The file was surprisingly large with additional papers about people not part of the family. Among one of the pages was a document reflecting the death of daughter Lettie who died in 1902. But what stands out in the file is a large number of pages pertaining to cases of omission by the Dawes Comission to enroll various individuals who had come through the interviews with the commssioners. They had met requirements for enrollment, but for some reason they had been previously omitted.



(Same as above)

However, those pages were quite extensive. The name that appear on those multiple pages represented people from other tribes who should have been enrolled. Among all of the people on those pages were Cherokees, Creeks, Chickasaws. In an effort to clear up confusion it was pointed out that all had been omitted previously and should have been enrolled.


(Same as above)

(Additional pages from the same collection NARA Publication M1301)

And the paragraph reflecting Tom Owens family information was included about Martha Ann Owens whose name had previously been omitted. It was also noted out that the people on the enrollment card were the children of Tom and Charlotte and that they all should also be placed upon the approved roll of Freedmen as well.

(Same as above)

Also found were birth affidavits that one often sees in files, reflecting children born after the interview process had begun.

(same as above)

And from the final pages of the lengthy it was concluded that the Henry and Martha should also be included as Choctaw Freedmen



Land Allotted

Like all families members of the Owens family was allotted land. Each person received a portion of land, appropriately.

Ancestry.com. Oklahoma and Indian Territory, Land Allotment Jackets for Five Civilized Tribes, 1884-1934[database on-line].
Provo, UT, USA: Ancestry.com Operations, Inc, 2014.

(same as above)

The Cole family lived for many years in the community of Harris, but years later subsequent generations relocated to central Oklahoma to the Oklahoma City are where some descendants reside today. Their history of survival of enslavement and their continued life for many years in the Choctaw Nation is a testament to their sense of family, survival and legacy.

* * * * * * * * * *

This is the 32nd article in a 52-article series devoted to sharing histories of families once held as enslaved people in Indian Territory, now known as Oklahoma. The focus is on the Freedmen of the Five Civilized Tribes, and these posts are part of an on-going project to document 52 families in 52 weeks.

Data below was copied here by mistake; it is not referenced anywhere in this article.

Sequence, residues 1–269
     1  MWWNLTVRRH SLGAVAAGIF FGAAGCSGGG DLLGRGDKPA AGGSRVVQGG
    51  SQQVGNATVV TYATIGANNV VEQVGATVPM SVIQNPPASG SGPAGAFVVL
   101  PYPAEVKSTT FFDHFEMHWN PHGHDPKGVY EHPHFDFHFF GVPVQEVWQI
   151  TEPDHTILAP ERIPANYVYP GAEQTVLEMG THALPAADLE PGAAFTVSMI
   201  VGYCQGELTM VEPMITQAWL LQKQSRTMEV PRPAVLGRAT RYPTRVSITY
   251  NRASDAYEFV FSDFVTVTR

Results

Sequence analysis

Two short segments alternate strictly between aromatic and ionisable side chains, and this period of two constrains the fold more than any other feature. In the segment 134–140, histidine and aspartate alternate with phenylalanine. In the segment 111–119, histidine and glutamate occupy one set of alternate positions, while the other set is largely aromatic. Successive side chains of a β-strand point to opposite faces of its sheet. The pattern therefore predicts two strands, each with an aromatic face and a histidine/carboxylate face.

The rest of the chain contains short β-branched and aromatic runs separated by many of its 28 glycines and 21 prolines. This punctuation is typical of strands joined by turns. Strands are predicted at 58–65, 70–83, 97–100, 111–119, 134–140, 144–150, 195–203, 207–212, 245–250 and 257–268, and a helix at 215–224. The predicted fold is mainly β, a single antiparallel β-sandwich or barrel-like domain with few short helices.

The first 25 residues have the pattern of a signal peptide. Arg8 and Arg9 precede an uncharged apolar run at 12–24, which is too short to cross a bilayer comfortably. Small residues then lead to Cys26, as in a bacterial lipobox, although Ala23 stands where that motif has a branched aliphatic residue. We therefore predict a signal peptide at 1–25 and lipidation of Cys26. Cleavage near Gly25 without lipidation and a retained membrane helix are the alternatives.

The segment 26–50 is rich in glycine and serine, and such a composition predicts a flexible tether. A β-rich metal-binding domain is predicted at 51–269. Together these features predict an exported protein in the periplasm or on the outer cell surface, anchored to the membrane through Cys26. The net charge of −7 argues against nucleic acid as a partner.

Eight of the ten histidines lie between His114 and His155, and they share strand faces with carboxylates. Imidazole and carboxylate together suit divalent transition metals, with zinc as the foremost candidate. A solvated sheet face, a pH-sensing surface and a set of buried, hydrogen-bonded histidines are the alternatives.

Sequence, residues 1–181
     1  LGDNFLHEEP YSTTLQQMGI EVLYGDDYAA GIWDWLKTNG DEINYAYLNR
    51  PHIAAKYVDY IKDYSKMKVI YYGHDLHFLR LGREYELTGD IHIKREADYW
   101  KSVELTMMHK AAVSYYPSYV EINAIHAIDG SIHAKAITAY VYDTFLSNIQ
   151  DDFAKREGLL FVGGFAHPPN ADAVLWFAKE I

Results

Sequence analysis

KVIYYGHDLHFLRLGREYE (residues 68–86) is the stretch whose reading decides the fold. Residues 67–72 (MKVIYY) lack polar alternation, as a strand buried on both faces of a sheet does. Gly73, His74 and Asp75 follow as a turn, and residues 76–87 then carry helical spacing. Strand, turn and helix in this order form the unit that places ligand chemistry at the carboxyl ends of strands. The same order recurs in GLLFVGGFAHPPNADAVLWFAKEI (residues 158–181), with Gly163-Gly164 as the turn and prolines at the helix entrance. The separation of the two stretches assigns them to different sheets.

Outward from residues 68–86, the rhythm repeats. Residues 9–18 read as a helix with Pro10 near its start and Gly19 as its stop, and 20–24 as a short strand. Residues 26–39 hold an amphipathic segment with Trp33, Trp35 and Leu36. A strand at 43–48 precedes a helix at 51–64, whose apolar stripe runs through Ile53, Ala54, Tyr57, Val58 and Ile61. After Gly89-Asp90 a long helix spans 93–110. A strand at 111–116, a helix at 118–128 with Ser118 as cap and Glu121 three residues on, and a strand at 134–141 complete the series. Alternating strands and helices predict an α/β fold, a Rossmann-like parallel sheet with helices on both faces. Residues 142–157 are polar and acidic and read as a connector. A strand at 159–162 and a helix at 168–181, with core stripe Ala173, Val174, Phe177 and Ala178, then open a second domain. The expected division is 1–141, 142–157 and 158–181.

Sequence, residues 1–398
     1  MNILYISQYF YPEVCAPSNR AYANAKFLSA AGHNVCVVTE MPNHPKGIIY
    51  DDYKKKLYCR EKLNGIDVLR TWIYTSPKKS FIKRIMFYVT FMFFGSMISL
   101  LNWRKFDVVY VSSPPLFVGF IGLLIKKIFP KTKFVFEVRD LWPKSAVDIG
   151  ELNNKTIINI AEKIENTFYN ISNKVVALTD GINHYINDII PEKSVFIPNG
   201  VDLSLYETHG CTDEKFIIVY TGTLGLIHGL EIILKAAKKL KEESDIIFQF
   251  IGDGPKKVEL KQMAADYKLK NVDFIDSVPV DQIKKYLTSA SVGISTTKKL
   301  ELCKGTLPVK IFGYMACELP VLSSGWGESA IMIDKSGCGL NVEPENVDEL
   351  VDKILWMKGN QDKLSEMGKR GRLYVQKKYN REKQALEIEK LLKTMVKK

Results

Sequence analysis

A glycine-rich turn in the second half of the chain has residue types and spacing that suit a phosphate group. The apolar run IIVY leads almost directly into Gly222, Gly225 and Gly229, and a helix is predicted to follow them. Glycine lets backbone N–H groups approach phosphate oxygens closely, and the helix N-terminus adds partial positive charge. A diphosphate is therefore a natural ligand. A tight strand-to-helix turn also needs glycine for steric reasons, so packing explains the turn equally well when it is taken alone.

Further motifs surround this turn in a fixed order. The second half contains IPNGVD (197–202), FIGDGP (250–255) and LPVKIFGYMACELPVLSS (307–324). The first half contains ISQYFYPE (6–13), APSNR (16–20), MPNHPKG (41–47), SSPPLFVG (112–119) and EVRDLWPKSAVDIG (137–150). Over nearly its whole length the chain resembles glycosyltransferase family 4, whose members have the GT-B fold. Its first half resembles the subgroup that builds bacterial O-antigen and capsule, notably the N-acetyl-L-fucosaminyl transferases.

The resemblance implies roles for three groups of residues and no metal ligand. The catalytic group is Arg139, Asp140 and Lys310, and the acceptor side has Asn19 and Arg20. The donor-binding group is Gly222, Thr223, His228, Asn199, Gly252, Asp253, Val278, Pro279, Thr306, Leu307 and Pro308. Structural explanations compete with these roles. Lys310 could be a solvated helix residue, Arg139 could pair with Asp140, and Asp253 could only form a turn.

Wednesday, October 18, 2017

Jerry Alberty & Family - Cherokee Freedmen

In the 1890s, Jerry Alberty lived with his family in Wagoner, Indian Territory. He was 66 at the time and lived with his wife Ruth, and their three daughters Amelia, Bertha, and Hattie. He was a Cherokee citizen, and earlier in life he was enslaved by William Alberty. His wife Ruth had once been enslaved by Nancy Marchum. Their data was all included on Cherokee Freedman Card #153.


The National Archives at Ft. Worth, Ft. Worth Texas 1868-1914
NAI Number: 251747

Record Group Title: Records of the Bureau of Indian Affairs, Record Group 75

Jerry's father was Mose Alberty, and his mother was an enslaved woman known as Sarah. Sarah's slave holder was Mose Alberty---the same man who was her husband's slave holder. To clarify--Mose Alberty had a child with his slave Sarah, and Jerry was the child she had as a result.

Ruth's father was Willis Marcum and her mother was Lucinda Marcum. Willis, Ruth's father was once enslaved by Leroy Marcum, and her mother Lucinda had been enslaved Bluford West. The family had ties to the Cooweescoowee and the Saline District in the Cherokee Nation.

(Same as above image)

From the Application Jackets
The interview is a standard one for Jerry Alberty, beginning with questions about his status in the Cherokee nation. He mentions the name of his slave holders as well as the name of the person who held his wife in bondage.


Some interesting questions reflect events in his life during the Civil War. He was taken further south in Indian Territory, as many slaves were during the war, with the intention of keeping the enslaved from conflict and from any opportunity for escape. Ruth was also taken south, near Red River, and Jerry Alberty pointed out that he brought Ruth back to the Cherokee Nation with him, and that he married her while they were still there.